For the code of conduct among corsers, see Corsers' Hinge.
The Corsers’ Hinge: A Lamplighter Tale
Author D. M. Cornish
Publication date March 2014 (Australia)
Published by Omnibus Books
ISBN ISBN 978-1-74299-025-5

The Corsers’ Hinge: A Lamplighter Tale is a short story by D. M. Cornish. It occurs between the events of Lamplighter and Factotum but does not involve the main characters from the Monster Blood Tattoo trilogy, introducing several new characters. The title has a dual meaning, referring both to the code of conduct among corsers as well as the predicament facing the protagonist, Bunting Faukes.

The Corsers' Hinge was first published in the anthology Legends of Australian Fantasy in January 2010, which has yet to be published outside of Australia. In March 2012 Cornish posted on his blog that he was working on an "edit/rewrite" of The Corsers’ Hinge to adapt it into a standalone novella.[1] In January 2014 he announced that it would be republished in expanded form in Tales from the Half-Continent, due to be released in March of that year.[2]


Bunting Faukes' quandaryEdit

Bunting Faukes, a corser, is in a desperate situation. His debt to the moneylender Weakleefe Spleen has been called due and the toll from his ashmonger, Pypsquïque, must be filled in full to receive the payment he needs. The final part is the most difficult to fill: "1 of the female kind, a child of elder years, scarce beddened", that is, a young woman whose body is newly dead. With nowhere else to go, Bunting heads into parts of the Brandenfells that he would normally avoid in search of such a corse, as he has no other choice except to kidnap a young woman himself and kill her, which the Corsers' Hinge and his own conscience prevent him from doing.

While progressing through the hills on his donkey cart, Bunting is greeted by the sound of a sudden massive explosion up ahead. Coming around a corner, he sees a figure wearing a sthenicon being pursued above the road. The stranger jumps into Bunting's cart and urges him on, introducing himself as Petuculus Sprawle. During the pursuit, Bunting realizes that the men who are after Sprawle are fictlers. After crossing a bridge, they are met by a short gentleman as a second explosion catches some of the pursuers. The gentleman's other companions, a man in black armed with a long-rifle, a sagaar who comes up the road, and a young woman sheltering beneath a cloak, are soon revealed. Moved by something within him, Bunting steps down to offer the young woman help. The gentleman introduces himself as the sleuth Atticus Wells, and that the mission he and his companions are on is to rescue the young woman.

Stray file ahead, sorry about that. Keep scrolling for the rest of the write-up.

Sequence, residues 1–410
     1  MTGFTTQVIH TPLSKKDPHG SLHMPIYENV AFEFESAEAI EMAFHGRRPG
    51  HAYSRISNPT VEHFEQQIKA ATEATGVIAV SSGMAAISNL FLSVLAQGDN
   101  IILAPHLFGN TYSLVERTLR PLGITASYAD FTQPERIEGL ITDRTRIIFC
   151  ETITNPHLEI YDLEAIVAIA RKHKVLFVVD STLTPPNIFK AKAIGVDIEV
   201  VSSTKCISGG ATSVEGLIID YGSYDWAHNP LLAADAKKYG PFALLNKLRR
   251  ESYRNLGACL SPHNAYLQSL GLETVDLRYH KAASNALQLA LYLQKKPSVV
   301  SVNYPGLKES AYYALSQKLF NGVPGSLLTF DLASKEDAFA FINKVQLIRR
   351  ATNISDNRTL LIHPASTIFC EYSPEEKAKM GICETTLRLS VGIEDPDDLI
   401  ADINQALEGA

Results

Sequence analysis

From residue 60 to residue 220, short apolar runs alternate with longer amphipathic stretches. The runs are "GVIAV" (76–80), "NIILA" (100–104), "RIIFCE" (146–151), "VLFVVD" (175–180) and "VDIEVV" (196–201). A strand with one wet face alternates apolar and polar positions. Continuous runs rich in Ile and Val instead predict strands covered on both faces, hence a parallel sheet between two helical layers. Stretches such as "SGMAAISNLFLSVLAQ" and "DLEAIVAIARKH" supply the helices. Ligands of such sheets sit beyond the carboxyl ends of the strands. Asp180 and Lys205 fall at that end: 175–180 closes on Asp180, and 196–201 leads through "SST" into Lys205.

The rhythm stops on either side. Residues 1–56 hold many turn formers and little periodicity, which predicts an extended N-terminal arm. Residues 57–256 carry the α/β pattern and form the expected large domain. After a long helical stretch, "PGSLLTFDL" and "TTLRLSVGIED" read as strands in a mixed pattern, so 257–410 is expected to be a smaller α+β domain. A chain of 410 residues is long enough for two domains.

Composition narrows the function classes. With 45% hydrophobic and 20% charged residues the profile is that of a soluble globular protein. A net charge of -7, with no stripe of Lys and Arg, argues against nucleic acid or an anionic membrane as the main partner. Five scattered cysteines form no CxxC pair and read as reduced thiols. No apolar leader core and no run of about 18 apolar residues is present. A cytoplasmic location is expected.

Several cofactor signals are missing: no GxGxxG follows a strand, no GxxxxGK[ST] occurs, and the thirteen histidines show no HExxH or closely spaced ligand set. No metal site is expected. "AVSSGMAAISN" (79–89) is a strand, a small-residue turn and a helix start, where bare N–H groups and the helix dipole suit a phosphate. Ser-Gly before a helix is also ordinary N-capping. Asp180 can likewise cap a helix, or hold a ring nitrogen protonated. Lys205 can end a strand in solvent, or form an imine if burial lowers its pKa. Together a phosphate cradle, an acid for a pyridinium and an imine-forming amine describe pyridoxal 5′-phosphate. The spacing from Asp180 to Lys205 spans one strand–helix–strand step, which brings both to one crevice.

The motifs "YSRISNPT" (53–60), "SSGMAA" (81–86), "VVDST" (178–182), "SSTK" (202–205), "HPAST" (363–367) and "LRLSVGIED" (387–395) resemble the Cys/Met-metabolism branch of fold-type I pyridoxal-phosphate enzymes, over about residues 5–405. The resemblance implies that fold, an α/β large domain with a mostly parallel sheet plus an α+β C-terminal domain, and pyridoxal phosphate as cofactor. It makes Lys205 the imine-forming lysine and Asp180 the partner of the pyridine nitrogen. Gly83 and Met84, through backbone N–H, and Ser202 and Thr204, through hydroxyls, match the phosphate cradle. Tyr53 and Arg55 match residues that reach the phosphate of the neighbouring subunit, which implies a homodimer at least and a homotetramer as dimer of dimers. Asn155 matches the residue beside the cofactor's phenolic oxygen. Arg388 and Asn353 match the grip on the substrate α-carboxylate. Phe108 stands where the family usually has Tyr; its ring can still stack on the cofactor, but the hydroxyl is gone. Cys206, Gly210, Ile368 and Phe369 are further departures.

The story then flashes back to how this turn of events came to be.

Atticus Wells' missionEdit

In Brandenbrass, Valentin Pardolot, chief senior indexer of a banking firm, seeks out the sleuth Atticus Wells to help track down Viola Grey, the daughter of his houskeeper. Viola disappeared while out with some friends three days ago. Wells, who appears to be a tall man wearing a wig, hears Pardolot out. After accepting the mission, it is revealed that the real Wells was watching the interview from behind a tapestry in the room. It has been a habit of his not to reveal his true self to his clients at first and often not at all due to his unimpressive physical appearance, despite being a falseman. The "Wells" who conducted the interview is Sprawle, who impersonated him.

The following day Wells and Sprawle begin their investigation. Starting with a spedigraph of Viola, they track down the artist who rendered it, but he cannot recall her. With this trail gone cold, they discover on their return to Wells' residence that Door, one of Well's undersleuths, and Thickney, his clerk, have been able to get some information from the two of the four girls who Viola was with on the night of her disappearance. They also receive a petticoat that was worn frequently by Viola from Pardolot to provide a source of her scent that Sprawle can track.

That night Pardolot's daughter Amfibia, who was with Viola when she disappeared, is able to lead Wells to where she was last seen, a seedy bar/brothel on the waterfront called The Empresses Bosom. Accompanied by Door and Sprawle, who observes that Viola went in, but did not come out, Wells learns that she was sold by a chattelman or human trafficker who works for the establishment's owner to a contact, Emptor Settlepond. However yesterday, a fictler marked with the allegory of Sucoth and calling himself Jack arrived and was in search of a girl just like Viola, so he was directed to Settlepond.